Counterpoint: Life on Mars was Its Own Undoing

Image Courtesy of ESO/M. Kornmesser.

Has life existed on Mars? If so, how would it have affected Mars’s climate? There has been ample research on Earth’s early life forms and their effect on the planet. Scientists have been particularly interested in methanogens, microorganisms that consume hydrogen (H2) and carbon dioxide (CO2) and generate methane (CH4) as waste. Both CO2 and CH4 are greenhouse gases, which trap heat in the atmosphere and lead to temperature increases, but CH4 retains twenty-five times more heat than CO2. Therefore, methanogen metabolism increased global temperature and, as a result, made Earth habitable to other organisms. 

However, a recent study in Nature Astronomy found that if methanogens ever existed on early Mars during the Noachian period (about four billion years ago), they would have had an opposite cooling effect. This is because early Mars had a CO2-dominated atmosphere, as opposed to early Earth’s nitrogen-dominated atmosphere. Collisions between CO2 and H2 molecules absorb more heat energy than CO2-CH4 collisions or CH4 alone.  

Since the existence of methanogens would have drastically changed the climate, it is important to evaluate whether the early Mars environment could support methanogenic life. The researchers concluded that Mars’ subsurface environment was probably favorable to microbial life. Mars’ crust is covered by regolith, a loose, heterogeneous layer made of dust, sand, and broken rocks. At that time, regolith may have sheltered microorganisms from ultraviolet and cosmic radiation. Simultaneously, brine, highly-concentrated salt water, would have filled the porous layer and provided an aqueous environment. 

In addition to an aqueous solution and shelter from radiation, the land must also have been free of surface ice to sustain life. Ice-free regions allow gases to exchange from the atmosphere, which microorganisms need to survive. Ice coverage depends on surface temperature and the brine freezing point. Researchers estimated the surface temperature on early Mars by modeling H2 and CH4 concentrations combined with the latitude and elevation of any given geographical area. They found that before any life forms existed, the average surface temperature ranged from 216 to 294 K (-57 to 21℃). Brine’s freezing point, however, is largely unknown. As salt concentration increases, the solution’s freezing point decreases, which is why we salt the road before a snowfall to prevent snow from settling. Brine likely consisted of other ions besides sodium and chloride, which would also have altered the freezing point. Estimates of early Mars brine freezing points from existing literature range from 203 to 273 K (-70 to 0℃).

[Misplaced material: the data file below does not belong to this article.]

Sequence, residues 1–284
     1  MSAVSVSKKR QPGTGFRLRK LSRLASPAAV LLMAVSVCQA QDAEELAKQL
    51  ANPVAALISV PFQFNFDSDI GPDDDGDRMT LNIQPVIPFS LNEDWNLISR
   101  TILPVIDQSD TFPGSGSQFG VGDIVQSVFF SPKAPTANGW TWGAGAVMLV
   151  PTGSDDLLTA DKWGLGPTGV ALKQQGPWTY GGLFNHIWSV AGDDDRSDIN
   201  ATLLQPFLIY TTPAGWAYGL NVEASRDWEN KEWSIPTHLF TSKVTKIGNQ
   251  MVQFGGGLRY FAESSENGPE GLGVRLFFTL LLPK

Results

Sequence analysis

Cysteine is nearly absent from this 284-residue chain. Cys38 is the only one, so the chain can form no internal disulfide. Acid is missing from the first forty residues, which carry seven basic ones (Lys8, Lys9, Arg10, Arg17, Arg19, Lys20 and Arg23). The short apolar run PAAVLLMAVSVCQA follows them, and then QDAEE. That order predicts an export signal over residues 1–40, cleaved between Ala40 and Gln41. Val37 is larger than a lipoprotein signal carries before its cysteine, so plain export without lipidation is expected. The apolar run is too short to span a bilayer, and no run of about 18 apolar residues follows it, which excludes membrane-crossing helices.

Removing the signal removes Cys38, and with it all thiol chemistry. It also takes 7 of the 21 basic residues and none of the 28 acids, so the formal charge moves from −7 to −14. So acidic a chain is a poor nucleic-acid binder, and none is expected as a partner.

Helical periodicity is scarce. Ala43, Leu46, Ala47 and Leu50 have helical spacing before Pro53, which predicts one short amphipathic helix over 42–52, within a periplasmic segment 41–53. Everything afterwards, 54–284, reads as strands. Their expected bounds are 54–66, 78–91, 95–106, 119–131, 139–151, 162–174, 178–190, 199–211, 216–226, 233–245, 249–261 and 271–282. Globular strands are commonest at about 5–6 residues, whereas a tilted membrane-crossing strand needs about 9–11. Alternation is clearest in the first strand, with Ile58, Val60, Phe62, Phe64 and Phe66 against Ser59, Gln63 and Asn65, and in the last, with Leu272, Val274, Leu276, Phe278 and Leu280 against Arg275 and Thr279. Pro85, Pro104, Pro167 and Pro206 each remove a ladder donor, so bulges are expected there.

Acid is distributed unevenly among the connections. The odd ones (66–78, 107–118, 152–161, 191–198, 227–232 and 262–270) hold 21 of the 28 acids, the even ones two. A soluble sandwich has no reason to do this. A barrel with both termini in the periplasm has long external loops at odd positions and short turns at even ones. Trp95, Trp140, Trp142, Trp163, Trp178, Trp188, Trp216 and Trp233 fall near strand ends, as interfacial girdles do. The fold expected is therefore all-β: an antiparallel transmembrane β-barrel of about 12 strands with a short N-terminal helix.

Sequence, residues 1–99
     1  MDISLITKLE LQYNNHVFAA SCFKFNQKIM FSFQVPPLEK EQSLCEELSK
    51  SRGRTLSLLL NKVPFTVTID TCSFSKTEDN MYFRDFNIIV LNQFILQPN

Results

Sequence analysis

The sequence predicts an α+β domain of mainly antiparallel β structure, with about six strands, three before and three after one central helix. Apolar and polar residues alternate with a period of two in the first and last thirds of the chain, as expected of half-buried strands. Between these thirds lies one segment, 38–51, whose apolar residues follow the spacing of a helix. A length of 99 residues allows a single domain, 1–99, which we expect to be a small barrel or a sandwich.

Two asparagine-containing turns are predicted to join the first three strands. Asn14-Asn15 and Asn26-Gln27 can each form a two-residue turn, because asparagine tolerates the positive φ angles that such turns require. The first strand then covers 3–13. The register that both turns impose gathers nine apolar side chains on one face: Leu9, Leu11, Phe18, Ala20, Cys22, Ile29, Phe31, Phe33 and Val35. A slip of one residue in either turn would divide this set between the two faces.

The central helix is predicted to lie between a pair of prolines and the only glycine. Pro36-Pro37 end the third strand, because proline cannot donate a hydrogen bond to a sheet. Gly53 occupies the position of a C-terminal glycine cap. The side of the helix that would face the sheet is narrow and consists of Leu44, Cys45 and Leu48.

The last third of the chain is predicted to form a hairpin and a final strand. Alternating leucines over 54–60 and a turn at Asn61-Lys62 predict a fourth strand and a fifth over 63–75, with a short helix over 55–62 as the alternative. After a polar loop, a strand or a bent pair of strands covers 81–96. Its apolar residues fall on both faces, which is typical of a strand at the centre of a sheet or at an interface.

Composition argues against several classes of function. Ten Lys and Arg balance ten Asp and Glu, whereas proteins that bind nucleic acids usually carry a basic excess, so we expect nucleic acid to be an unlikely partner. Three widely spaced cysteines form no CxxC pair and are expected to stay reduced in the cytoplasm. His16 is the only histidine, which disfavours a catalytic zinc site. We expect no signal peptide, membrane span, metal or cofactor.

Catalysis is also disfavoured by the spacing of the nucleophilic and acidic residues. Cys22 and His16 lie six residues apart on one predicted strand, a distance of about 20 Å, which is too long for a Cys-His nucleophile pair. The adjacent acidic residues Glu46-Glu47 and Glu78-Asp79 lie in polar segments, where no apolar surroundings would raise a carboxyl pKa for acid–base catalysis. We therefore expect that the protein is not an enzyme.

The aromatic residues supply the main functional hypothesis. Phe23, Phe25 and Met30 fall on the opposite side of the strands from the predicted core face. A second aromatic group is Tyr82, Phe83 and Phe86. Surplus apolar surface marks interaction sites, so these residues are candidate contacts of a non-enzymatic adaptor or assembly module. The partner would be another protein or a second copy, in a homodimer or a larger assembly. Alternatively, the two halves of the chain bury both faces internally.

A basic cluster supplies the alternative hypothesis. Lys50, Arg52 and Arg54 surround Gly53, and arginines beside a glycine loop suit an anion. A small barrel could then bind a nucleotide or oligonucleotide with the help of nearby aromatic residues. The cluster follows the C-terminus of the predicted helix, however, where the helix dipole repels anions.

Researchers ran three models, estimating the probability of methanogenic life with brine freezing points of 203, 252, or 273 K. If brine had a lower freezing point, more area would be ice-free and habitable. With a freezing point of 203 K, one hundred percent of Mars’ surface would have been ice-free, whereas simulations at 273 K generated a median of only 0.15 percent ice-free area. In all three cases, some parts of Mars would have been habitable to methanogens, typically in lowlands at low-to-medium latitudes. It is important to note that this study only shows that early Mars satisfied every condition for methanogenic life rather than confirming the existence of life. However, the studies’ findings will inform the search for traces of life in fossil records. 

If methanogens had really existed, their metabolic activity would have significantly changed Mars’ climate, leading to new equilibrium temperature and atmospheric composition. The study estimates a reduction of 33 to 45 K. As a result, the fraction of ice-free regions would have dropped, and habitability would have been compromised. Even in places with no ice coverage, methanogens would have been forced deeper into the crust, which was warmer but scarcer in essential gases. Somewhat counterintuitively, if Mars had a lower brine freezing point, more methanogens could have existed in the first place, but they would have induced a larger drop in temperature and lower habitability at the steady state. Unlike on Earth, where the first life forms facilitated the emergence of later organisms, life on Mars may have been its own undoing.